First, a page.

The Center was informed that the language of the present registration agreement was German. However, and as stated by the Claimant, the Expert finds that the Respondent has several connections to the English language. Respondent is a company incorporated in the Seychelles. According to the Seychelles Government site there are three official languages: English, Creole and French. None of them is German. Moreover, the content of many of the Respondent’s registered domain names are in English or are targeting American trademarks. Lastly, the Respondent wrote two emails to the Center in perfect English. This makes it even more difficult to believe that the Respondent does not know the English language.

Given the foregoing and the fact that Respondent failed to participate even though it could have made submissions in both, German or English, the Expert comes to the conclusion that the present proceeding may be continued in English.

B. Infringement of an intellectual property right

The Expert shall grant the request if the registration or use of the domain name constitutes a clear infringement of a right in a distinctive sign which Claimant owns under the law of Switzerland (paragraph 24 of the of the Rules of Procedure).

The Rules of Procedure, paragraph 24 (d) precise that a clear infringement of an intellectual property right exists when

I. both the existence and the infringement of the claimed Right in a distinctive sign clearly result from the wording of the law or from an acknowledged interpretation of the law and from the presented facts and are proven by the evidence submitted; and

ii. the Respondent has not conclusively pleaded and proven any relevant grounds for defence; and

iii. the infringement of the right justifies the transfer or deletion of the domain name, depending on the remedy requested in the request.

C. The Claimant has a right in a distinctive sign under Swiss Law

The Claimant bases its request on its United States of America, Swiss and OHIM (Office for Harmonization in the Internal Market) -Community trademarks. As mentioned in the Rules of Procedure, paragraph 24(c), the rights owned under the laws of Switzerland are relevant for “. ch” domain disputes. Consequently, the Expert particularly takes into consideration the Swiss trademark invoked by the Claimant in its request.

In Annex 7 to the Request, Claimant provided a copy of the trademark registration certificate of the trademark TWITTER from the Swiss Federal Institute of Intellectual Property, dated October 25, 2007. Thus, the Expert holds that Claimant established its exclusive right in its distinctive sign in Switzerland.

D. The registration or use of the domain name constitutes a clear infringement of the Claimant’s right

Pursuant to article 13, paragraph 1 and 2, of the Swiss Trademark Act (TMA) of August 28, 1992, the owner of a trademark has an exclusive right to use the trademark to distinguish goods or services for which it was registered. The Swiss Federal Supreme Court repeatedly held that this exclusive right also encompasses the use of a trademark as an element of a domain name, when such domain name is used on a website for promoting and distributing goods and services that are identical with or similar to the goods or services for which the trademark owner has registered the mark (see, e. g. , DTF 126 III 239, 244 <berneroberland.ch>).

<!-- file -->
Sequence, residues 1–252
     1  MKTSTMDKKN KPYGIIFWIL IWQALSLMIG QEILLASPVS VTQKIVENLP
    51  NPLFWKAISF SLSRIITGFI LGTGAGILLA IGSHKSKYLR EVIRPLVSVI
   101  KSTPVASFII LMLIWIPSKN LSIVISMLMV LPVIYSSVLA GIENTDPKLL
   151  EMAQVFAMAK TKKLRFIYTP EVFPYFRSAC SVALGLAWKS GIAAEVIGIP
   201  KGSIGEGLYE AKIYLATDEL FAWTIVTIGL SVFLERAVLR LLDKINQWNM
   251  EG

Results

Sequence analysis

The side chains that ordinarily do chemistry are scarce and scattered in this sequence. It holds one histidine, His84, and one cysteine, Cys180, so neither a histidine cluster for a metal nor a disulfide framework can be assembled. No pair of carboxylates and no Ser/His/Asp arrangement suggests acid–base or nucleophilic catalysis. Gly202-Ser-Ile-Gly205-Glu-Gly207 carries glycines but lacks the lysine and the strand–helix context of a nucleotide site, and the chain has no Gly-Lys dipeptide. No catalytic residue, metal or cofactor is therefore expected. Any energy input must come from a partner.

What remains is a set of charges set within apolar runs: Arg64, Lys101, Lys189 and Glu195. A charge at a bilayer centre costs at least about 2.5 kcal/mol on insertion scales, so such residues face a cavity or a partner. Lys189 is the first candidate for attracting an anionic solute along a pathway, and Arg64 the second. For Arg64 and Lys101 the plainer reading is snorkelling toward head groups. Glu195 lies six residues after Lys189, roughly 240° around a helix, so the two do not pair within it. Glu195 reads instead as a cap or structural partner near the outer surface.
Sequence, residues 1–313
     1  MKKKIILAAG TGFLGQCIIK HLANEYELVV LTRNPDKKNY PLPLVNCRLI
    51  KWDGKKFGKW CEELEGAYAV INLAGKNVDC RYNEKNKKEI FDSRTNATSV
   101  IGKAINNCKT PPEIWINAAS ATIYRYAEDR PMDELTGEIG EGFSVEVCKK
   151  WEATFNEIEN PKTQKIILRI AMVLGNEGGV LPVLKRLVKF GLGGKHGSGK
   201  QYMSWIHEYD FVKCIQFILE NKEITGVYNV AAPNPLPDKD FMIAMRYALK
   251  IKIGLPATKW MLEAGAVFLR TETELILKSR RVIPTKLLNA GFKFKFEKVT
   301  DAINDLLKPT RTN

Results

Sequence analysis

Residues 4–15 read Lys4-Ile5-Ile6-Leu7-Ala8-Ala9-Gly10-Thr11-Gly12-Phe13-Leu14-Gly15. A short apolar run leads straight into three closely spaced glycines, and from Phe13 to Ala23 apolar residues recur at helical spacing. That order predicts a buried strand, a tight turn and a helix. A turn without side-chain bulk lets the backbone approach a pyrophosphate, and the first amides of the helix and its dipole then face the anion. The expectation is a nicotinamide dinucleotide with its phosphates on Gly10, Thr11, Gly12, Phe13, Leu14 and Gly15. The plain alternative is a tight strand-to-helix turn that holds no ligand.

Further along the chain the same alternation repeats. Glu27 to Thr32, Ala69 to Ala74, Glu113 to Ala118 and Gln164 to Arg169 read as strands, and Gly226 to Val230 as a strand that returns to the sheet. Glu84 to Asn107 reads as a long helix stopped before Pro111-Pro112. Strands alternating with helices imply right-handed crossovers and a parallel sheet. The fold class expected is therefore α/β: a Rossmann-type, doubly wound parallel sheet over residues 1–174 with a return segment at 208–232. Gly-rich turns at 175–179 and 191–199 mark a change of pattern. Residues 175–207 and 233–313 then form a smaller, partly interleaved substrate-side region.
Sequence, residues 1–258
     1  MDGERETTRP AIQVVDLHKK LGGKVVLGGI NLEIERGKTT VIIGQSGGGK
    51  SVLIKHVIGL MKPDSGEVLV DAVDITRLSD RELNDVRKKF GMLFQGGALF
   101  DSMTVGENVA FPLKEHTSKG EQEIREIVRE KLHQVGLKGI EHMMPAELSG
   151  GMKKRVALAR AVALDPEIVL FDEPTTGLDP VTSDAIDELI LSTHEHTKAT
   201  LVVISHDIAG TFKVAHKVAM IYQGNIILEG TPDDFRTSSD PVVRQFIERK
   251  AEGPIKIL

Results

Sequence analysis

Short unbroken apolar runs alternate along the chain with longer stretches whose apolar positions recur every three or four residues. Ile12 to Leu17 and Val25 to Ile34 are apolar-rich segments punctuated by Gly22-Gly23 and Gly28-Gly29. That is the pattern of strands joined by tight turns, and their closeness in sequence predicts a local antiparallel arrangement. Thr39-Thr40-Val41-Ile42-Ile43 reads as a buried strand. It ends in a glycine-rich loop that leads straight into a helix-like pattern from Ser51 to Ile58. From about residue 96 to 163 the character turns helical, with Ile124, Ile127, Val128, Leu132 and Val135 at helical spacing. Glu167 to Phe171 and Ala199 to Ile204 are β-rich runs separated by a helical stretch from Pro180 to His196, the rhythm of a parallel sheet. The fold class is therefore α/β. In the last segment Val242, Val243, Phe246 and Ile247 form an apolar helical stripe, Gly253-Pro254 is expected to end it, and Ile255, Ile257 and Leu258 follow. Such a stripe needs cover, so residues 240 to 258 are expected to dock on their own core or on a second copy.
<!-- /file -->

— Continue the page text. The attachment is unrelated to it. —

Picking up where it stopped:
Respondent did not provide any reasonable explanation why he registered the disputed domain name and to the Expert’s best knowledge, no such grounds can be seen. On the other hand, Claimant faces substantial disadvantages by this registration: the domain name <twitter.ch> cannot be used to market Claimant’s trademark and the respective services on the Internet.

Domain names can be regarded as distinctive signs also under Swiss competition law (DTF 126 III 245). Art. 2 and 3 (1) (d) of the Swiss Unfair Competition Act (UCA) of December 19, 1986 prohibits measures that are likely to cause confusion with products, works, services, or the business, of others.

Besides that, the registrations of hundreds of domains and Respondent’s conduct in this proceeding show the typical pattern of cyber- and typosquatting which constitutes bad faith and a breach of the Swiss Unfair Competition Act (UCA). By registering the disputed domain name, which is identical to Claimant’s well-known trademark in Switzerland, Respondent created a likelihood of confusion. Internet users are likely to assume a connection between Respondent’s website and Claimant’s services protected by Claimant's trademark. Respondent appears to take advantage of Claimant’s well-known brand and this conduct violates Claimant’s right in its distinctive sign under Art 3(1)(d) UCA.

In light of the above, Claimant has met its burden of proof under the Rules of Procedure, paragraph 24(d)(i).

Furthermore, Respondent has not replied to the Request, so there are no other facts or circumstances before the Expert which could be considered as relevant grounds for defense.

Hence, paragraph 24(d)(ii) of the Rules of Procedure is fulfilled.

The Expert finds that the Request is well founded and that Respondent's infringements of Claimant's rights justify a transfer of the domain name to Claimant in accordance with paragraph 24(d)(iii) of the Rules of Procedure.

7. Expert Decision

For the above reasons, in accordance with Paragraphs 24 of the Rules of Procedure, the Expert orders that the domain name <twitter.ch> be transferred to the Claimant.

Dr. Bernhard Meyer
Dated: October 19, 2011